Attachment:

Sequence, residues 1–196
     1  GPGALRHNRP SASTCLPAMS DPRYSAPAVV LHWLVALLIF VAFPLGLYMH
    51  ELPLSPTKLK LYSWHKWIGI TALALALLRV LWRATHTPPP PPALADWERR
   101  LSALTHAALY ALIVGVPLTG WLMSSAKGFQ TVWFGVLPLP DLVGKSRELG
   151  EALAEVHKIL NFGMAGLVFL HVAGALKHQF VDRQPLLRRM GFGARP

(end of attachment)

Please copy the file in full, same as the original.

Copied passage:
Sequence, residues 1–196
     1  GPGALRHNRP SASTCLPAMS DPRYSAPAVV LHWLVALLIF VAFPLGLYMH
    51  ELPLSPTKLK LYSWHKWIGI TALALALLRV LWRATHTPPP PPALADWERR
   101  LSALTHAALY ALIVGVPLTG WLMSSAKGFQ TVWFGVLPLP DLVGKSRELG
   151  EALAEVHKIL NFGMAGLVFL HVAGALKHQF VDRQPLLRRM GFGARP